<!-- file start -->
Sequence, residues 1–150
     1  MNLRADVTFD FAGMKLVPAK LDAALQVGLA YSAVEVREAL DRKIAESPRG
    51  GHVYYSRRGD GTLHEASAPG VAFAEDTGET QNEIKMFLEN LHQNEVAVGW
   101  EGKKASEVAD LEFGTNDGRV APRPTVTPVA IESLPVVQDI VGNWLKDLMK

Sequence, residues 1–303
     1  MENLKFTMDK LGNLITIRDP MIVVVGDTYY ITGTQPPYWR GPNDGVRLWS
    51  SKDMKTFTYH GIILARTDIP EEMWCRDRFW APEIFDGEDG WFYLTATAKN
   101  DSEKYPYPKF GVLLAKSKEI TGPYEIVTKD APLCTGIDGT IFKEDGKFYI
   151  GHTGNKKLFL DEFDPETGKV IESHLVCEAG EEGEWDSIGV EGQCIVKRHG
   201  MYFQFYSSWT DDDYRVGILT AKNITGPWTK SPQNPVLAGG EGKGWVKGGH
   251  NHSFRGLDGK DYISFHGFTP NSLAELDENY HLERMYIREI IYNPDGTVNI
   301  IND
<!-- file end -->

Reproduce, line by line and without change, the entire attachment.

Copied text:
Sequence, residues 1–150
     1  MNLRADVTFD FAGMKLVPAK LDAALQVGLA YSAVEVREAL DRKIAESPRG
    51  GHVYYSRRGD GTLHEASAPG VAFAEDTGET QNEIKMFLEN LHQNEVAVGW
   101  EGKKASEVAD LEFGTNDGRV APRPTVTPVA IESLPVVQDI VGNWLKDLMK

Sequence, residues 1–303
     1  MENLKFTMDK LGNLITIRDP MIVVVGDTYY ITGTQPPYWR GPNDGVRLWS
    51  SKDMKTFTYH GIILARTDIP EEMWCRDRFW APEIFDGEDG WFYLTATAKN
   101  DSEKYPYPKF GVLLAKSKEI TGPYEIVTKD APLCTGIDGT IFKEDGKFYI
   151  GHTGNKKLFL DEFDPETGKV IESHLVCEAG EEGEWDSIGV EGQCIVKRHG
   201  MYFQFYSSWT DDDYRVGILT AKNITGPWTK SPQNPVLAGG EGKGWVKGGH
   251  NHSFRGLDGK DYISFHGFTP NSLAELDENY HLERMYIREI IYNPDGTVNI
   301  IND